Pyramid scam surfaces again in 1990s guise

August 18, 1994|By Sheridan Lyons | Sheridan Lyons,Sun Staff Writer

It's all dressed up for the New Age, but the "Friends Network" now appearing in the Baltimore area is the same old pyramid scheme underneath, according to federal, state and local authorities.

A flurry of inquiries to authorities the past few weeks signaled the first resurfacing of the popular scam since the mid-1980s, they said.

"We're receiving an average of 12 calls a day," Maryland Attorney General J. Joseph Curran Jr. said yesterday, "and we only get the tip of the iceberg."

He planned to issue an advisory against the scheme today, and the Howard County state's attorney's office also is considering a warning.

After reviewing a copy of an unsigned nine-page prospectus obtained by The Sun last week, Robert N. McDonald, an assistant attorney general and securities commissioner, said "Friends Network" is in violation of Maryland law.

According to the prospectus, each "player" gives an unconditional "gift" of $1,500 -- nonrefundable. The money goes to a so-called chairman, who sits in the pyramid above two presidents, four executive vice presidents and eight vice presidents.

Once the chair collects $12,000, the two presidents move up and each becomes the chairman of a new pyramid. Everyone who joins must bring in at least one other person who contributes another $1,500.

"No matter how it's dressed up, any scheme where you have to pay money and recruit others in order to ultimately receive money is going to violate the pyramid statute," Mr. McDonald said.

The Friends Network invitation includes a "convenient layout" shaped like a pyramid -- but says repeatedly that it isn't a pyramid and isn't illegal.

"A pyramid by any other name is still a pyramid," said Michael D. Rexroad, assistant state's attorney for Howard County. "That does tell you something, doesn't it?"

'Natural abundance'

The Friends Network prospectus said it's "a new way of looking at money . . . based on the law of natural abundance. Money is life energy that we exchange and use as a result of the service we provide to the universe. And in order to keep it coming to us, we must keep it circulating."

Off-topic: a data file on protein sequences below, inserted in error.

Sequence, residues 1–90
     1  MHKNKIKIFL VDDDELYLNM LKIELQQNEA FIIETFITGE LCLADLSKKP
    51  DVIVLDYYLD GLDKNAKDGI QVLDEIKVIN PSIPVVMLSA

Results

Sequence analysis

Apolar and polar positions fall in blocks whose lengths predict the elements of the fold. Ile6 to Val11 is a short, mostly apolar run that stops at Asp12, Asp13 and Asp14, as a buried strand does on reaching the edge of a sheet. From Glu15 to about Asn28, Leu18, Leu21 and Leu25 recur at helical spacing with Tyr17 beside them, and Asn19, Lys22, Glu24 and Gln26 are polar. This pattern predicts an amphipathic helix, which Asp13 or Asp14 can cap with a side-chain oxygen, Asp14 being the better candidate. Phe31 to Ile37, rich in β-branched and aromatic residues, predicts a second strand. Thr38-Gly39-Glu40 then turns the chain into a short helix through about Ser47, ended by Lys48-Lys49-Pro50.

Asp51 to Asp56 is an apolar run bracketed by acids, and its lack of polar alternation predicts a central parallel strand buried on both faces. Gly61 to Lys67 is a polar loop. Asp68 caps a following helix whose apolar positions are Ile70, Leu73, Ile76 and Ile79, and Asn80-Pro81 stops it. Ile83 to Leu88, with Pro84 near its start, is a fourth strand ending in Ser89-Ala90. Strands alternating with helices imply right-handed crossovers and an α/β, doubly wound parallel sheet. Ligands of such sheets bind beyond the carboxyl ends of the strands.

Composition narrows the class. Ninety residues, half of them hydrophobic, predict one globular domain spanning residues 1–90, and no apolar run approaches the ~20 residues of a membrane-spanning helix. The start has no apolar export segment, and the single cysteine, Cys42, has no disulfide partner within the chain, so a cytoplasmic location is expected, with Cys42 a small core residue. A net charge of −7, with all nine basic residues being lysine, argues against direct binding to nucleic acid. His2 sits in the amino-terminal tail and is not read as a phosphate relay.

People enticed by the scheme gather in private homes, but the prospectus suggests avoiding inviting law enforcement officials who may not share their "playful" spirit.

Mr. Curran said callers to his office ask, "Is this legal? Should I do it?"

He said the answer is no.

"There's no get-rich-quick scheme that is to my knowledge legal," he said. "Unfortunately, the whole thing is based on, to put it bluntly, greed. People see an easy way without working to make money. Initially, the ground-floor people can make some money, but the people on the second and third floor get nothing. Usually the people who set up these things get their money and get out. Afterward, people are reluctant to talk to us because they're so embarrassed.

"So it's easier to give an announcement than to come in after they've been scammed and try to find the people who set it up."

The Friends Network, or variations including the word "friends," traveled up from Virginia, he said, where authorities issued an advisory that apparently pushed it into Anne Arundel and Howard counties, where people are calling friends in Baltimore and Baltimore County.

The game is in its early stages if rumors of $12,000 payouts are true, officials said.

Criminal prosecution -- when the operators can be found -- is handled by the local state's attorneys, Mr. McDonald said.

The Friends package includes a form letter, to be signed and dated, that says: "It gives me great pleasure to present you with this unconditional gift. I expect nothing in return and happily give this gift to you of my own free will. I hope only that if the opportunity presents itself that you will spread sunshine and let it bless someone else's life as I hope this has done for you."

Claim untrue, IRS says

The letter cites Internal Revenue Service regulations on gifts, indicating the $12,000 is tax-exempt.

Not true, the IRS said.

"We consider it no more than gambling," said Samuel Serio, an IRS spokesman. "We tax legal and illegal income. We've heard some things about gifts, but it's not. It's gambling.

"Some people make money and a lot of people at the bottom of the pyramid don't, because the money, the people aren't there."

Mr. Curran said, "There are just so many 'friends' who can put up $1,000 or so. When you run out of friends, you run out of money."

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